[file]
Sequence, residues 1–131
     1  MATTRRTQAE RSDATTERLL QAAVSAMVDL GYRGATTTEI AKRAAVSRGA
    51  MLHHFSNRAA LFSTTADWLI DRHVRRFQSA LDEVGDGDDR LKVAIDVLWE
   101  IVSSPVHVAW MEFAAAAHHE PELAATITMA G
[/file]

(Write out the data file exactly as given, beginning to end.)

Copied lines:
Sequence, residues 1–131
     1  MATTRRTQAE RSDATTERLL QAAVSAMVDL GYRGATTTEI AKRAAVSRGA
    51  MLHHFSNRAA LFSTTADWLI DRHVRRFQSA LDEVGDGDDR LKVAIDVLWE
   101  IVSSPVHVAW MEFAAAAHHE PELAATITMA G